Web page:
• It may be a tool to make sure or to lessen the threat

  • of an imminent attack on the United States.

  • But what about the long-term impact?

  • If civilians are killed,

  • if communities are targeted,

  • this will feed a vicious circle

  • of war, conflict, trauma and radicalization,

  • and that vicious circle is at the center of so many of the security challenges

  • we face today.

  • This will not make us safer in the long term.

  • We need civilian security,

  • we need sustainable civilian-centered security,

  • and we need it now.

  • We need to encourage thinking and research around this concept,

  • and to implement it.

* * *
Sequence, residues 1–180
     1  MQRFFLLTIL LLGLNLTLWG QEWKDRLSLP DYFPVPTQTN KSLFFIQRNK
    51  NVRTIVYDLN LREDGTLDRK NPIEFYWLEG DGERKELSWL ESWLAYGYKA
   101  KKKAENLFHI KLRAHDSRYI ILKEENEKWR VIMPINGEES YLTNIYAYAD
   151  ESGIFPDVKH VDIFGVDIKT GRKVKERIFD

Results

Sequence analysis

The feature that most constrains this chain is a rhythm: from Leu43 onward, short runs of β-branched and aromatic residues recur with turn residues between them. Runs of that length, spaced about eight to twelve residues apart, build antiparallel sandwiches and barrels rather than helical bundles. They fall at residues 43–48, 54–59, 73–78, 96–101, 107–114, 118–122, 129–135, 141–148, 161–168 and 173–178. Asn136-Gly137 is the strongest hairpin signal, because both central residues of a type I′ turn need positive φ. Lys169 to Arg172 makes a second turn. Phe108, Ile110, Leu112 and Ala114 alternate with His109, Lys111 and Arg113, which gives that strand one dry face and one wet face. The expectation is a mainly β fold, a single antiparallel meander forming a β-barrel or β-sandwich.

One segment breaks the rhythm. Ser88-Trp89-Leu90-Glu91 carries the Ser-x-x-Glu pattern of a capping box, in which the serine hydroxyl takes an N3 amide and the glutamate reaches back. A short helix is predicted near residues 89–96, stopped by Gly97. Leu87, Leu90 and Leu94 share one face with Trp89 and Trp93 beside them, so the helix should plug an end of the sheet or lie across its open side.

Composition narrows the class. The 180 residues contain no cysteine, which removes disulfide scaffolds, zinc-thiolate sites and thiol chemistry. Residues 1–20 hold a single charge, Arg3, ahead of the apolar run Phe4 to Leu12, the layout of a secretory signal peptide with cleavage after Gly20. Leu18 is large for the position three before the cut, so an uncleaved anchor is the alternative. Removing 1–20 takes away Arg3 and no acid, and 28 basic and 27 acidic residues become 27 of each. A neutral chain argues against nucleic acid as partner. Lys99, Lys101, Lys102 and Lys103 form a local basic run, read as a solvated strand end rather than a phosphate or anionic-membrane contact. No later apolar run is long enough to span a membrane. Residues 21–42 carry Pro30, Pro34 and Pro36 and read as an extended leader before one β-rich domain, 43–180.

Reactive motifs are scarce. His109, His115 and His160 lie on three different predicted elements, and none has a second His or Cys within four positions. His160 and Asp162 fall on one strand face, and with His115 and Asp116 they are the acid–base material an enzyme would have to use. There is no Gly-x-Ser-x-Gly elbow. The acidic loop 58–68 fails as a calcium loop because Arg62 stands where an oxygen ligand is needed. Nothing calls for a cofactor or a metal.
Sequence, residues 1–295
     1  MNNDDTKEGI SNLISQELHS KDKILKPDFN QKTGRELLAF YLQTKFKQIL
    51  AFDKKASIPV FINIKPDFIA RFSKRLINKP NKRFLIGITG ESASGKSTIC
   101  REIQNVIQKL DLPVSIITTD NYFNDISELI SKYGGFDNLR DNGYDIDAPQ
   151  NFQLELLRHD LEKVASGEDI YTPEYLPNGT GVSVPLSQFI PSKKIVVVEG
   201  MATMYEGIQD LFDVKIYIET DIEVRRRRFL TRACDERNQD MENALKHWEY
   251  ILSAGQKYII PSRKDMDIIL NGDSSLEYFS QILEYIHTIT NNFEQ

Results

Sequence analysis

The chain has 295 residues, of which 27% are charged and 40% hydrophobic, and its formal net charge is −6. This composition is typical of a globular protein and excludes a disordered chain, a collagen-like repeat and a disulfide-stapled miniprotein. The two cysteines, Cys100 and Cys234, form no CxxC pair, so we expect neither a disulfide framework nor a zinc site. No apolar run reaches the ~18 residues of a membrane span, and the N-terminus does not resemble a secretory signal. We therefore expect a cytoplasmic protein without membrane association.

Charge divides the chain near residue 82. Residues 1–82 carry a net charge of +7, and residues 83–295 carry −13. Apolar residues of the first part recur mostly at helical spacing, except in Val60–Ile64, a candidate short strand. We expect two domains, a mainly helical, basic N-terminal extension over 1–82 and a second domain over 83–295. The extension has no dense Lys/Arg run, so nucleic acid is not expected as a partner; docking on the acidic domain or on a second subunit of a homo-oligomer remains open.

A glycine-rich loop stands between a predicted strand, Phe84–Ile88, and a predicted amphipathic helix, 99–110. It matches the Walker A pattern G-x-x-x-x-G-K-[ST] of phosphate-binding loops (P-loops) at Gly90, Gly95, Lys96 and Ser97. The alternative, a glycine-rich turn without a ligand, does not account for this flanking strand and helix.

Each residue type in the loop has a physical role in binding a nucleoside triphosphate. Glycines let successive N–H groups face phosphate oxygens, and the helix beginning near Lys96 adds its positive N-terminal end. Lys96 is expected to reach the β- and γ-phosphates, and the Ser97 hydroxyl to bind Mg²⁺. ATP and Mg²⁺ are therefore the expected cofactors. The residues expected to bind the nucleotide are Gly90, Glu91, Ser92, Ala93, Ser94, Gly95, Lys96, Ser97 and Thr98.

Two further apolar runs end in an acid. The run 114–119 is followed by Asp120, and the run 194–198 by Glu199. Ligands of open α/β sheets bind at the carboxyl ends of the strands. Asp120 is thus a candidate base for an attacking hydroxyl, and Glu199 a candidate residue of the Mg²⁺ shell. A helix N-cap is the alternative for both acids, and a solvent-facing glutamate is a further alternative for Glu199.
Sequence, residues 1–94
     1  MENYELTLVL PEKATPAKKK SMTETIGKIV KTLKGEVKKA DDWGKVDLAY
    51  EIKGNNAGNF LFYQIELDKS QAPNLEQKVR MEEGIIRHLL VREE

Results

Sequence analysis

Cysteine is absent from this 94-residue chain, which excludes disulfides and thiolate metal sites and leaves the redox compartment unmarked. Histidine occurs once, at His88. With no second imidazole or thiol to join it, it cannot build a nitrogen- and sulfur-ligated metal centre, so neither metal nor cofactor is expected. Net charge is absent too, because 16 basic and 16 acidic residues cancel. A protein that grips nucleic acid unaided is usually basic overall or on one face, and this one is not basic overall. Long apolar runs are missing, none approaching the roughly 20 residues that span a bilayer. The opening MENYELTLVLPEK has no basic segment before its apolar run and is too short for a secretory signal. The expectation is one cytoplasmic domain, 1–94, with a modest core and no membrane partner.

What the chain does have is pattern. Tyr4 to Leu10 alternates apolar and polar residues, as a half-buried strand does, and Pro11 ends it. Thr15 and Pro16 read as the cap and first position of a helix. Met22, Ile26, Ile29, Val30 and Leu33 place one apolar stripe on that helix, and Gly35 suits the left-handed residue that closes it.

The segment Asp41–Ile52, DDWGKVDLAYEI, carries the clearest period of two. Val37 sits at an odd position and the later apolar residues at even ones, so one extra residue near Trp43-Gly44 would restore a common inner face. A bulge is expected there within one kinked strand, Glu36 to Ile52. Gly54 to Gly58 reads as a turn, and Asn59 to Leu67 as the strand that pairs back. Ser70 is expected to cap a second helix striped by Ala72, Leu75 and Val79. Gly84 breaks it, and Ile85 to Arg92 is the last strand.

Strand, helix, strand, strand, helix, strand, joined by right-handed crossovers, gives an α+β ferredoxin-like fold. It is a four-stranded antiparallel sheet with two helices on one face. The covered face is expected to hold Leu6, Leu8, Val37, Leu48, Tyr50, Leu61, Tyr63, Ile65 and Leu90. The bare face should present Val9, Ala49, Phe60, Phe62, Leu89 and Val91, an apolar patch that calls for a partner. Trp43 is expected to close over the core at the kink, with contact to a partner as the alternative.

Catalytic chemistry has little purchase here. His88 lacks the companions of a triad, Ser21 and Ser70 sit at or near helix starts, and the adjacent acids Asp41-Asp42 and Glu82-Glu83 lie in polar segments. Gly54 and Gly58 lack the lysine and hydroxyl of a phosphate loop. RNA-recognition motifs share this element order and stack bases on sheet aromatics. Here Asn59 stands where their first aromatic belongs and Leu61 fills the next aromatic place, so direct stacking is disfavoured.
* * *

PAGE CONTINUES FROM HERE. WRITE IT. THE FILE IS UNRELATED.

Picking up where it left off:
• We live in a dangerous world.

  • We have many threats to peace and conflict.

  • Much like in the days after 9/11,

  • we simply cannot afford not to think about international security.

  • But we have to learn the lessons of the past 20 years.

  • To get it right, to get security right,

  • we need to focus on the long term.

  • We need to focus on protecting civilians.

  • And we need to respect and acknowledge the fact

  • that sustainable security builds on a foundation of human rights.

  • Otherwise, in the name of security,

  • we risk leaving the world

  • a far more dangerous and unstable place

  • than what we already found it in.

  • Thank you.

  • (Applause)

Almost 20 years have passed since 9/11.

Subtitles and vocabulary

Click the word to look it up Click the word to find further inforamtion about it

B1 US TED security long term sustainable term protecting

【TED】Benedetta Berti: Did the global response to 9/11 make us safer? (Did the global response to 9/11 make us safer? | Benedetta Berti)

  • 736 20
    林宜悉 posted on 2018/10/02
Video vocabulary